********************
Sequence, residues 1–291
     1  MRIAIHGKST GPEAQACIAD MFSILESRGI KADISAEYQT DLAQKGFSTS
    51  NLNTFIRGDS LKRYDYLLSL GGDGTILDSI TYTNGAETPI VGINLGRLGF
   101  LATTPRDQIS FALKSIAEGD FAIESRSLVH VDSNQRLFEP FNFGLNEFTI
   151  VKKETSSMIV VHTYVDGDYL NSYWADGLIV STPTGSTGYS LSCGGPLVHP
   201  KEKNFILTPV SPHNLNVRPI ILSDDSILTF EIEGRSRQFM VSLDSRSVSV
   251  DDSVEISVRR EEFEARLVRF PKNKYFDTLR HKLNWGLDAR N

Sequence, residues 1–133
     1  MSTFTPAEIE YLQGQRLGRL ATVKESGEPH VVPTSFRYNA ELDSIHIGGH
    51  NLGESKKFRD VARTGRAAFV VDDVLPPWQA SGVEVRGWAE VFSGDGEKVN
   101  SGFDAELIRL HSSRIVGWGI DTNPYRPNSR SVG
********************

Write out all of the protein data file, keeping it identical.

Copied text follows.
Sequence, residues 1–291
     1  MRIAIHGKST GPEAQACIAD MFSILESRGI KADISAEYQT DLAQKGFSTS
    51  NLNTFIRGDS LKRYDYLLSL GGDGTILDSI TYTNGAETPI VGINLGRLGF
   101  LATTPRDQIS FALKSIAEGD FAIESRSLVH VDSNQRLFEP FNFGLNEFTI
   151  VKKETSSMIV VHTYVDGDYL NSYWADGLIV STPTGSTGYS LSCGGPLVHP
   201  KEKNFILTPV SPHNLNVRPI ILSDDSILTF EIEGRSRQFM VSLDSRSVSV
   251  DDSVEISVRR EEFEARLVRF PKNKYFDTLR HKLNWGLDAR N

Sequence, residues 1–133
     1  MSTFTPAEIE YLQGQRLGRL ATVKESGEPH VVPTSFRYNA ELDSIHIGGH
    51  NLGESKKFRD VARTGRAAFV VDDVLPPWQA SGVEVRGWAE VFSGDGEKVN
   101  SGFDAELIRL HSSRIVGWGI DTNPYRPNSR SVG